ADAS Features Still Leave Consumers Nervous

Even as advanced driver assistance systems (ADAS) and autonomous driving technology gain traction among automakers, consumers and drivers are still concerned about their safety, according to a recent report from Strategy Analytics.

The survey of vehicle owners in the US, western Europe and China found consumer interest in park assist remains modest, and many consumers revealed they would avoid any autonomous driving feature.

The study also revealed among the consumers who would avoid an autonomous feature, a large percentage of consumers in all markets report that they do not yet trust the technology.

The July 26 report, which is based on interviews with 4,640 consumers, indicated interest in various ADAS features has started to fracture, with consumers providing feedback that indicates not all autonomous features are equal. This follows on from earlier research by online marketplace, Shift.

Derek Viita, senior analyst at Strategy Analytics and author of the report, pointed out that the research found that owners of vehicles from Daimler, BMW and Nissan tended to report the greatest amount of satisfaction overall with respect to their ADAS features.

He explained that, going forward, intuitive cockpit interfaces would be a crucial aspect for the future success of advanced safety systems and automated driving and parking features.

“All of these features must have controls that are plainly easy to use and displays that are easy to comprehend, providing information about what is the system controlling and what the driver is controlling,” he said.

For example, he said he thinks reliance on tiny icons or confusing text-heavy alerts is not what consumers are looking for in these vehicles.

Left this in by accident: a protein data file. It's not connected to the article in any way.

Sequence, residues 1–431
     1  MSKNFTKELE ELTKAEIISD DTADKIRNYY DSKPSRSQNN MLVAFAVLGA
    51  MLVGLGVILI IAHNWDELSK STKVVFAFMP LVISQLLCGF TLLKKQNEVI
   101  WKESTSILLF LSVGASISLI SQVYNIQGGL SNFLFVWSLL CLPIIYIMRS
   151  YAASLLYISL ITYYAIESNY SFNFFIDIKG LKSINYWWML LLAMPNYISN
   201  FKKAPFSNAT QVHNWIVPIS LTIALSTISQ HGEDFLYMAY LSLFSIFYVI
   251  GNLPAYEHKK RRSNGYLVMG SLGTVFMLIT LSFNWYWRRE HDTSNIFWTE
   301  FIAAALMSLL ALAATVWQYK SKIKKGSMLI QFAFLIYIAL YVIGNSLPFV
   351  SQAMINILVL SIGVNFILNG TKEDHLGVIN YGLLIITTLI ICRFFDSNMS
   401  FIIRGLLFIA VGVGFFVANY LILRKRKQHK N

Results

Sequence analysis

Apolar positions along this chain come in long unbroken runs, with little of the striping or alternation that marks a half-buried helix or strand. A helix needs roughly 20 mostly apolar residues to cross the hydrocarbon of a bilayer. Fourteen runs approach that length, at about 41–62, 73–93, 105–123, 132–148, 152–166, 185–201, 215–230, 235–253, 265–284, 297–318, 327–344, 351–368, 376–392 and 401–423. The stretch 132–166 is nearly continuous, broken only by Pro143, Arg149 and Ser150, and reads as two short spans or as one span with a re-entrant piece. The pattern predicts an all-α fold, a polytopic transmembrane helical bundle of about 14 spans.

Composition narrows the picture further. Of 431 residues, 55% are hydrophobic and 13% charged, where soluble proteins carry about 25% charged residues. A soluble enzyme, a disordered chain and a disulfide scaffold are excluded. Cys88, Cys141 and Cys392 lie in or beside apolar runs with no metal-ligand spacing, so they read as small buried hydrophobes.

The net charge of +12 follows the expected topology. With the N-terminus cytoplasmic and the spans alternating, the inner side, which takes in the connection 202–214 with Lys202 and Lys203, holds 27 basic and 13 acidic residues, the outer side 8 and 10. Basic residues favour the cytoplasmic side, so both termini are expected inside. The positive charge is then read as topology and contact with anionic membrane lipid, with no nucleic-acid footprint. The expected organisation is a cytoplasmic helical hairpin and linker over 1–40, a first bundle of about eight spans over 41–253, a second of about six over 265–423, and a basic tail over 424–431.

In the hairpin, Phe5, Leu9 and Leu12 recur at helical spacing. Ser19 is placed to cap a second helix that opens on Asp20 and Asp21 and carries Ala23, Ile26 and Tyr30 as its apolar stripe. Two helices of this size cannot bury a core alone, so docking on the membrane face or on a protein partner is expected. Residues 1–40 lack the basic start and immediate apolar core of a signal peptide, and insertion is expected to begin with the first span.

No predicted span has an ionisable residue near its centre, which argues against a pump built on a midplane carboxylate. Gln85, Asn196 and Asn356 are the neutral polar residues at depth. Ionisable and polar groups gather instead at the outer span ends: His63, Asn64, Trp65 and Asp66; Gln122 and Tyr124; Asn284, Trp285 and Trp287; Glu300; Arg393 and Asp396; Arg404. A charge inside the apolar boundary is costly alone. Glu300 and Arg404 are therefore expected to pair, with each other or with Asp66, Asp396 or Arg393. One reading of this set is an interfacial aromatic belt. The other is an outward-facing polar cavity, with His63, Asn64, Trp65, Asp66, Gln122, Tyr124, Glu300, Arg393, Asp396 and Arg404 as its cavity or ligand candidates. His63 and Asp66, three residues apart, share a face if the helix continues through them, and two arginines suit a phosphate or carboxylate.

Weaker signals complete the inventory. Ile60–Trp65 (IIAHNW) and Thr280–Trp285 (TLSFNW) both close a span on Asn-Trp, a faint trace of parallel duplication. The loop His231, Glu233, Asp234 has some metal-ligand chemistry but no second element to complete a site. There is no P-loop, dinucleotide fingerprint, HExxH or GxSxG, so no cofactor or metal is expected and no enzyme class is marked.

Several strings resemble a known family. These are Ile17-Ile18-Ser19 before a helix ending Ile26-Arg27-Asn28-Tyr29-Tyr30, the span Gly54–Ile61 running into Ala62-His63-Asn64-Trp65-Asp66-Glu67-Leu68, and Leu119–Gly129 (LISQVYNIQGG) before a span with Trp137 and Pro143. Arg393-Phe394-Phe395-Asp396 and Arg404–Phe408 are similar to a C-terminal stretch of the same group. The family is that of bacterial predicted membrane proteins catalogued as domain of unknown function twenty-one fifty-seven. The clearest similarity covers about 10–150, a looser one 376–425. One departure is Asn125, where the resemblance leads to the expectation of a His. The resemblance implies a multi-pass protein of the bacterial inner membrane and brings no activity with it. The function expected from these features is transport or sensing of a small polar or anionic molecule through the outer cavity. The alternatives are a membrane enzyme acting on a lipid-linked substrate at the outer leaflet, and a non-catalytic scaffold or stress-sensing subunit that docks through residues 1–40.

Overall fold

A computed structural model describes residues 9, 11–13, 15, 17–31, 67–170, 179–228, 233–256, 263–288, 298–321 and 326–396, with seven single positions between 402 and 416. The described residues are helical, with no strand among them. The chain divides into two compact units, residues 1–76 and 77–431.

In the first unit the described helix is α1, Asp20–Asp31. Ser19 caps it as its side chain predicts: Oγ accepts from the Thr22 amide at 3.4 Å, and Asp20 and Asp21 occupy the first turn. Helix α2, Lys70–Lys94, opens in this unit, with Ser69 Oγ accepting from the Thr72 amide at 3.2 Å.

“These are especially odd to still see in the car, considering that we now have large programmable cluster and console displays which allow for a great amount of flexibility in design,” Viita explained.

The survey also found large swaths of consumers in the US and western Europe said they would never trust self-driving technology.

“Consumer interest needs to widen beyond younger tech-savvy early adopters and the premium segment,” Viita said. “Right now we still have a large segment of consumers who are actively avoiding autonomous features.”

He explained automakers and mobility service providers are going to need to figure out a way to get some of that segment on board with autonomous vehicle technology, in addition to getting each of them to take their first ride in automated transport.

“The public sector and insurance industry also need to catch up, ” he said. “Right now laws and regulations are all over the place with respect to how AVs are treated on the road. Some alignment needs to happen. And if industry doesn’t do it themselves, it will be done for them, probably after an adverse event of some kind.”

Viita’s sentiments on the insurance industry were echoed in a white paper issued earlier this month by the Travelers Institute, the public policy division of The Travelers Companies.

While research indicates AV technology will lead to fewer accidents, the growing possibility of more self-driving vehicles on the road is raising complicated questions around insurance liability questions and how best to develop policy frameworks.

The paper argues any legal and regulatory structure concerning AVs must include insurance-specific components, including standardizing data governance and cybersecurity requirements.

— Nathan Eddy is a filmmaker and freelance journalist based in Berlin. Follow him on Twitter.

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